As a coach and leadership consultant, I spend a lot of time reviewing outgoing job interviews and employee engagement surveys to determine the reasons for the turnover of employees in my clients’ companies.
My experience shows that in these situations the first thing that every director or HR specialist should pay attention to are the managers.
Jim Clifton, CEO of the American sociological company Gallup, summarizes the results of a survey on the state of the American workplace in 2013 in one simple sentence:
“The single biggest decision you will make in your job is choosing a manager in your company. When you appoint the wrong person, nothing can correct this bad decision. “Neither compensation nor compensation – nothing,” he said.
Gallup came to this conclusion based on data from decades ago and interviews with more than 25 million employees. However, today, in a pandemic, organizations continue to make the same mistakes. We all already know that “people leave managers, not companies”, but things never change.
After all, the best way to stop the outflow of talent from your company is to start hiring and giving promotions to people who have real leadership qualities and skills. Too often, the people on whom this selection depends on reward behavior that is mistaken for a sign of leadership capacity – a demonstration of confidence, charisma, extroversion, and more. Moreover, they pay too much attention to the candidate’s past performance and overestimate the importance of the CV, solid skills, and technical experience.
The reality is that the most narcissistic bosses who have psychopathic tendencies also possess these qualities. However, this does not make them good leaders, by any means. People responsible for finding and elevating current and future leaders need to look to them for traits and qualities that research unequivocally sets as an example as a prerequisite for creating a better work environment in which everyone is more productive and satisfied with their work. you are.
In a remarkable study, empathy was identified as the most important quality that leaders need. If we have to be more specific, this is about people’s ability to listen to others and put themselves in their shoes. An empathetic leader naturally builds strong relationships with his employees and encourages productive cooperation. He constantly thinks about the conditions under which his team works, understands the challenges and difficulties faced by his employees, and perceives their emotions as real as his own.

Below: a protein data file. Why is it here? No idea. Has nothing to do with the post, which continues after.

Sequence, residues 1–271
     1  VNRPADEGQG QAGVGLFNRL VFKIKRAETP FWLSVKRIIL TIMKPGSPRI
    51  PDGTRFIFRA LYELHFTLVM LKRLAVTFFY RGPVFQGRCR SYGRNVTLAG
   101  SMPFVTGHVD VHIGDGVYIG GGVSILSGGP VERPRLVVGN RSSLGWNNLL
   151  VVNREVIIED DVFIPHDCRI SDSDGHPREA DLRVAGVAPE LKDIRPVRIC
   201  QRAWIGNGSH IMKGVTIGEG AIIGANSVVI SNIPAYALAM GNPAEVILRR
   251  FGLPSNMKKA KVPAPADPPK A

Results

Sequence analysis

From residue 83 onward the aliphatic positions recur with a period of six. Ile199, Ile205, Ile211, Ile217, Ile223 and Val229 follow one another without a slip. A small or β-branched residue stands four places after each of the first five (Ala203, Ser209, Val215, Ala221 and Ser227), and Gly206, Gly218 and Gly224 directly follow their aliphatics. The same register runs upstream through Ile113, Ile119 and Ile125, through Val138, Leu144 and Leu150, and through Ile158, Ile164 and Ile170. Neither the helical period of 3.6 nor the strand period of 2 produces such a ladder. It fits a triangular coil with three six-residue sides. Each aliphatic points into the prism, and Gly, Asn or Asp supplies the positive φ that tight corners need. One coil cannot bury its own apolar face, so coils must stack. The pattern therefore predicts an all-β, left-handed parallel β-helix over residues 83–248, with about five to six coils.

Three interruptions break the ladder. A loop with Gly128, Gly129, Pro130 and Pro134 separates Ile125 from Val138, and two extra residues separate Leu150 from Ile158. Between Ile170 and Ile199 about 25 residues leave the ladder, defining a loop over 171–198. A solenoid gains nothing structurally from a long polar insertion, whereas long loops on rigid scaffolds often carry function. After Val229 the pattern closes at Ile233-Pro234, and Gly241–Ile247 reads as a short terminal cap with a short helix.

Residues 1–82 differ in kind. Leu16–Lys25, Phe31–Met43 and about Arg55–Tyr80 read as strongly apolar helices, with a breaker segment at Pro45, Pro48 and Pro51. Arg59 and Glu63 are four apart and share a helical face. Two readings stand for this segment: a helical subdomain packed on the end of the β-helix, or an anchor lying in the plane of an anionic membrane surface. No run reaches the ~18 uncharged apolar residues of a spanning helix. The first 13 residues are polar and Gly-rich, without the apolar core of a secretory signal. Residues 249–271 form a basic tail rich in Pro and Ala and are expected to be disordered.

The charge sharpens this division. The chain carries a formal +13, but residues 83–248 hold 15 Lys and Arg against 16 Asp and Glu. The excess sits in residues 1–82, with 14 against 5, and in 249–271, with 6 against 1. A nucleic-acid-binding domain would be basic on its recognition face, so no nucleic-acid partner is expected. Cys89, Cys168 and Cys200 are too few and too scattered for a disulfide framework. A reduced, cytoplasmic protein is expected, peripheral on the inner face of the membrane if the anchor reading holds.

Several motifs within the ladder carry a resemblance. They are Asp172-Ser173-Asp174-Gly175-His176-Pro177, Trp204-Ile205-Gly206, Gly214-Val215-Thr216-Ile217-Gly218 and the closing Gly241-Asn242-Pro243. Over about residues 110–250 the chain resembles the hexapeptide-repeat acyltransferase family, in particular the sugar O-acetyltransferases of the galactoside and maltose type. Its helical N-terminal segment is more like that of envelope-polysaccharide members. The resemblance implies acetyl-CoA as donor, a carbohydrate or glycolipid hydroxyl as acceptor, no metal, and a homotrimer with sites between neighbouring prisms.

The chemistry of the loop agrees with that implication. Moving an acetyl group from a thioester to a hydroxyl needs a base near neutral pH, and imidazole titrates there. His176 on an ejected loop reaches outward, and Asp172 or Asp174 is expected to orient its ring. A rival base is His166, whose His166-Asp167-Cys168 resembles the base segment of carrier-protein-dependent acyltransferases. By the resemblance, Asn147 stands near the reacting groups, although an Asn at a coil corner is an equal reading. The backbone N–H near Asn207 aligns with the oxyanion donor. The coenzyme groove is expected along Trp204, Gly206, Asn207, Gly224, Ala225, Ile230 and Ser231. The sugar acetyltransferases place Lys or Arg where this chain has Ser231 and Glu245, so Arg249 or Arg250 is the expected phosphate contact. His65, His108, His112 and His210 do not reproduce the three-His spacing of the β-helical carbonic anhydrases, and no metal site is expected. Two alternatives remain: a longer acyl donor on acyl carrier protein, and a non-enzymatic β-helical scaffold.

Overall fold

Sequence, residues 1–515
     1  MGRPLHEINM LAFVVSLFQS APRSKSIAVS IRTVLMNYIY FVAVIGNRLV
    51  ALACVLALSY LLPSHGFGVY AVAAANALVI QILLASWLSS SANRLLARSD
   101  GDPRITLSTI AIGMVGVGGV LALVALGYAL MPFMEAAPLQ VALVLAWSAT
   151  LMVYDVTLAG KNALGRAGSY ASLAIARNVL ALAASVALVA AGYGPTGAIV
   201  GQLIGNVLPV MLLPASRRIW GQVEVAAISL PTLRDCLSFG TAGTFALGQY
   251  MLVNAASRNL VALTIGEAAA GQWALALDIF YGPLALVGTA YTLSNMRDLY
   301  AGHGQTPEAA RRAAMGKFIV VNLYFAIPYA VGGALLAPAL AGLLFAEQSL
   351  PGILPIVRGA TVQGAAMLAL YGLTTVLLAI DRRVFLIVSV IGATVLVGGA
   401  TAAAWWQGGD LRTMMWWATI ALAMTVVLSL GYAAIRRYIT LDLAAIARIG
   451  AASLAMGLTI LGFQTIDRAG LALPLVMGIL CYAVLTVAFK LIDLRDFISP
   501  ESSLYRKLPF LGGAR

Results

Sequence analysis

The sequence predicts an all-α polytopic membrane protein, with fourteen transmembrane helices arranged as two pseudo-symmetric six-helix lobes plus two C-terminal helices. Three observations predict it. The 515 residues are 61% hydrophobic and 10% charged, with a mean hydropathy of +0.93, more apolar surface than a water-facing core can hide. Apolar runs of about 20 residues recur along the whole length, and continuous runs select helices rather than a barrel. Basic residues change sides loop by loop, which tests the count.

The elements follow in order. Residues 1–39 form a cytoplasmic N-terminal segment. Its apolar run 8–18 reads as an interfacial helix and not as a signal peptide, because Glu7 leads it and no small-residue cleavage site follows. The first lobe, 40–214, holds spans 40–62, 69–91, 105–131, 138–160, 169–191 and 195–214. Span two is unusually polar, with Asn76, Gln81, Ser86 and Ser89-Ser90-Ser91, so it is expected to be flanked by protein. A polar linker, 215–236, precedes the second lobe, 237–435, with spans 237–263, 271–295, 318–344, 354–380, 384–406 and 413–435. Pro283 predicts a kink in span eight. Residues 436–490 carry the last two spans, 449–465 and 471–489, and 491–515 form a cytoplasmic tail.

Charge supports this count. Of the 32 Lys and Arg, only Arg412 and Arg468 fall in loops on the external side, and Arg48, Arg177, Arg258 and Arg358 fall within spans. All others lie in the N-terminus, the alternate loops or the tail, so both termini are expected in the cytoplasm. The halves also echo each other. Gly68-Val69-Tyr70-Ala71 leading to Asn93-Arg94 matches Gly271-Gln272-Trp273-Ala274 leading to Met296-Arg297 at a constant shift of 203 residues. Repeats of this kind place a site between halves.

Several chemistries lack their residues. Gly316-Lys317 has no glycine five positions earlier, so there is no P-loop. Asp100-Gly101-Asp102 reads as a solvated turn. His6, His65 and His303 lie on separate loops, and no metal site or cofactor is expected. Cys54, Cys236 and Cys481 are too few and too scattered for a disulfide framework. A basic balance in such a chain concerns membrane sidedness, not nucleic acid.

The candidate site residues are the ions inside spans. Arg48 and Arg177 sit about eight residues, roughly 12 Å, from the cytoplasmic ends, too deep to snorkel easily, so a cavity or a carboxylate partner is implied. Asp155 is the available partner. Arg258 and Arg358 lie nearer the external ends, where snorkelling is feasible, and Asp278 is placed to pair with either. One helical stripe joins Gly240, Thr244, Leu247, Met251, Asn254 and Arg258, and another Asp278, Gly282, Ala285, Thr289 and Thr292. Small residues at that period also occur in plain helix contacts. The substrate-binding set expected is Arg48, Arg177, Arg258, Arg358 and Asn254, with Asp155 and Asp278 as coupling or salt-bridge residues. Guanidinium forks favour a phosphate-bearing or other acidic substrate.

The next time you face a challenge, present the “we have a problem” scenario as an opportunity to find important solutions and innovative approaches, encouraging open dialogue within your team. To do this, you need to build a company culture that makes all employees feel safe and not afraid to express their views and ideas, whether or not they contradict yours. When you involve your employees in the decision-making process, you allow them to feel part of something bigger, you allow them to see the direct results of their work and take responsibility for them, whether good or bad.
When it comes to leadership qualities that are key to the success of corporate cultures based on trust and transparency, there is one trait that surpasses even confidence and charisma – vulnerability. More than 42 million people watched Bren Brown’s historic TED Talk presentation: The Power of Vulnerability. Once it gained widespread popularity, vulnerability established itself as a critical “soft skill” that every leader needs to build. One way to develop this quality is by sharing stories.
In their book, Encouraging the Heart: A Leader’s Guide to Rewarding and Recognizing Others, leadership experts James Cousses and Barry Posner emphasize the importance of leaders being able to tell stories to build trust between them and their employees.
The two authors quote the respected psychologist Professor of Cognitive Knowledge at Harvard Howard Gardner:
“The skillful creation and transmission of stories is a key part of the leader’s vocation. The stories speak to both parts of the human mind – the mind and the emotion. I argue that identity stories, those stories that help people think and feel about who they really are, where they come from, and where they’re headed, are the most powerful weapon in a leader’s literary arsenal.
Telling a story about a big mistake or failure from the past, for example, is a good way to start a conversation in which people can safely show vulnerability.